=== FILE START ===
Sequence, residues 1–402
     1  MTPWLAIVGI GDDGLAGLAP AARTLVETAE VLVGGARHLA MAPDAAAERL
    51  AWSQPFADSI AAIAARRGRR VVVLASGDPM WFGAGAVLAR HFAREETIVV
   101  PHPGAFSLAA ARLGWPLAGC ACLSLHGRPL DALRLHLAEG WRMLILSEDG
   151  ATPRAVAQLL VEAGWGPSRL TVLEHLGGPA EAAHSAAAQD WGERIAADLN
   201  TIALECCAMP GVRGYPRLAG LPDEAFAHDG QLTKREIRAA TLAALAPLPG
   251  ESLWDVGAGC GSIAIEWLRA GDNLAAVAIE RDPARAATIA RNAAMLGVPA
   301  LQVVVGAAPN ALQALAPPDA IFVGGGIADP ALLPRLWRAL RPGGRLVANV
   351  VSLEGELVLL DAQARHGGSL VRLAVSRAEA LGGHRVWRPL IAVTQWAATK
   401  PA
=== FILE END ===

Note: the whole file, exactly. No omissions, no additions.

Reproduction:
Sequence, residues 1–402
     1  MTPWLAIVGI GDDGLAGLAP AARTLVETAE VLVGGARHLA MAPDAAAERL
    51  AWSQPFADSI AAIAARRGRR VVVLASGDPM WFGAGAVLAR HFAREETIVV
   101  PHPGAFSLAA ARLGWPLAGC ACLSLHGRPL DALRLHLAEG WRMLILSEDG
   151  ATPRAVAQLL VEAGWGPSRL TVLEHLGGPA EAAHSAAAQD WGERIAADLN
   201  TIALECCAMP GVRGYPRLAG LPDEAFAHDG QLTKREIRAA TLAALAPLPG
   251  ESLWDVGAGC GSIAIEWLRA GDNLAAVAIE RDPARAATIA RNAAMLGVPA
   301  LQVVVGAAPN ALQALAPPDA IFVGGGIADP ALLPRLWRAL RPGGRLVANV
   351  VSLEGELVLL DAQARHGGSL VRLAVSRAEA LGGHRVWRPL IAVTQWAATK
   401  PA